An investigation by the Kansas Attorney General’s Medicaid and Abuse Division revealed Joyce claimed she was providing personal care attendant home-based services to her mother, Terry Sherrick, when she was clocked in and working for other employers.
The crimes occurred between October 2015 and July 2016.
Over the next month, 39 of some of the world’s most promising graduate students will call Manhattan home with one goal in mind: to learn what it’s like to live in the United States.
The crash course in America is part of the Fulbright English for Graduate Studies program. K-State is one of a handful of universities across the nation selected by the U.S. Department of State’s Bureau of Cultural Affairs to facilitate the program, where international Fulbright students learn about U.S. culture, norms, laws, and the education system before heading to their universities of study.
The students typically come with a high level of English proficiency already, but they’ll also brush up on their English skills over the next three weeks.
“It helps K-State fulfill its mission to support global education by supporting Fulbrighters who come here and Fulbrighters who go abroad,” said Mary Wood, director of K-State’s English Language Program. “For the university itself, Fulbright itself is a very prestigious program, and to be selected by them to host students is a very high honor. These students are incredibly bright and motivated. They’re stars in their countries, and they’ll be even bigger stars when they return.”
Most of the students arrived in Manhattan Saturday, Wood said, and on Sunday night, the English Language Program hosted a potluck for the students. While the students will stay in K-State housing and eat most of their meals at the university, the students also met host families who they will visit Sunday evenings for dinners at their houses.
Agnes Chikan, ELP short program coordinator, said she hopes the students get a good taste not only of American cuisine, but in the variety that exists in American family life. She said the program would not be possible without the support of generous families.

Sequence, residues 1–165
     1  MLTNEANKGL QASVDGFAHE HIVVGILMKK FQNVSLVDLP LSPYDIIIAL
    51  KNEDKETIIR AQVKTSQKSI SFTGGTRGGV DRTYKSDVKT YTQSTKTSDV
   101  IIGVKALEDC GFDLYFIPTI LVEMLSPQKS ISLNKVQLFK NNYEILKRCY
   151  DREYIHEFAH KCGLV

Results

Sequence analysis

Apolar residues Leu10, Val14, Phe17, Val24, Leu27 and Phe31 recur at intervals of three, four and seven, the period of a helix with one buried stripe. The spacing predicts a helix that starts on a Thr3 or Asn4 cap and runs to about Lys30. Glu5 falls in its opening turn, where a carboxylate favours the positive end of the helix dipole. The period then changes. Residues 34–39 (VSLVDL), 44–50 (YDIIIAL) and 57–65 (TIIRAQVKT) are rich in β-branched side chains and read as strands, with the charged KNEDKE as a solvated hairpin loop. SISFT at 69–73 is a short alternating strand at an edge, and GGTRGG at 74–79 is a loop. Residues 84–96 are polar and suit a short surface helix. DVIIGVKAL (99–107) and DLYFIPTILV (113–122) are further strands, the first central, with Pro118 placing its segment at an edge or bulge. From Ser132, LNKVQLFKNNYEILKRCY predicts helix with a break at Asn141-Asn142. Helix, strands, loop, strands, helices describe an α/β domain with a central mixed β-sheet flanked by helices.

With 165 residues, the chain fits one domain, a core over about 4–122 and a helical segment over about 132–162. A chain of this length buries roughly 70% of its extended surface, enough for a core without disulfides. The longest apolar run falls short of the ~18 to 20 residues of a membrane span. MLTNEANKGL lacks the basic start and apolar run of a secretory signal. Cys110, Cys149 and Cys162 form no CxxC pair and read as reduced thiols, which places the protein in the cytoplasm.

“It just goes to show the good heart of the citizens here,” Chikan said.
Edwin Morales, a Fulbright scholar from Guatemala who will go to Texas A&M’s economics department this fall, said he’s been impressed with the hospitality he’s seen in just the few short days he’s been here. While he’s visited the U.S. in the past, he hadn’t been to Kansas yet.
“(The Fulbright program) seemed like a great opportunity to learn about culture, and it seemed like a great personal challenge for myself,” Morales said.
“I want to learn as much as I can to learn about not only American culture but other cultures as well. And better my English, of course.”
While they’re here, the group will visit museums, watch movies, go to Arts in the Park, visit a bison ranch and the Konza Prairie.
Wood said she hopes the group forms bonds they’ll maintain even when they go off to their respective universities.
“This gives them a chance to get their feet on the ground, so that once they get to their universities, they know they can rely on the networks they’ve built here,” Wood said.
Riley County Treasurer Shilo Heger reported during the commission meeting on Monday that county revenue and investments were on track through the month of June.
As of the end of June, the county brought in 8.56% more than expected in sales tax, Heger reported, but nothing else in the balance sheet stands out specifically.
“Everything is still flat comparing to last year to this year,” Heger said.
The county had 10.13% more in sales tax receipts than budgeted at this time last year.
Big Lakes Development Center President Lori Feldkamp provided an update about the center to the commissioners as well. The center’s senior staff is preparing the 2020 strategic plan, Feldkamp said.
Riley County EMS and Ambulance Director David Adams reported in his update to commissioners that the department received 407 calls for service during June.
Additionally, he said an active violence training involving various departments earlier this month at Theodore Roosevelt Elementary School was a success.
“It was a fantastic training,” Adams said. “We’re really happy with how it went.”
In preparation for the upcoming school year, the department is also hosting a school supply drive for students in need. Collection sites will be at Target in Manhattan as well as the Dollar Generals in Ogden and Riley, Adams said.
County Extension Director Gary Fike and Kansas State University Research and Extension Agent Greg McClure provided updates about the 2019 Riley County Fair to the commissioners during the meeting. The fair ends July 29.
Public Works Director and county engineer Leon Hobson updated the commission about projects the department has been working on the last couple of weeks, including construction of pens and cleaning at the fairgrounds.
Riley County Counselor Clancy Holeman updated the commission on pending county projects during his report as well.
At the end of the meeting, the commissioners entered into executive session for a few minutes for the purpose of consultation with Holeman to discuss potential litigation, but they took no action or votes following the session, commissioner John Ford said.